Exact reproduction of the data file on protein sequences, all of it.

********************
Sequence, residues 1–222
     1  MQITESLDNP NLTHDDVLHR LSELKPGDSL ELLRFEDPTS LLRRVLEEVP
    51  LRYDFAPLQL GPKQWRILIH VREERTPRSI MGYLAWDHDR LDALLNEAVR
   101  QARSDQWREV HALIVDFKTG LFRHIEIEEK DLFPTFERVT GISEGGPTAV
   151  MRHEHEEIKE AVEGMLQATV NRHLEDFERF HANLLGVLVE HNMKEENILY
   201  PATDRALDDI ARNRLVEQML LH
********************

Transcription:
Sequence, residues 1–222
     1  MQITESLDNP NLTHDDVLHR LSELKPGDSL ELLRFEDPTS LLRRVLEEVP
    51  LRYDFAPLQL GPKQWRILIH VREERTPRSI MGYLAWDHDR LDALLNEAVR
   101  QARSDQWREV HALIVDFKTG LFRHIEIEEK DLFPTFERVT GISEGGPTAV
   151  MRHEHEEIKE AVEGMLQATV NRHLEDFERF HANLLGVLVE HNMKEENILY
   201  PATDRALDDI ARNRLVEQML LH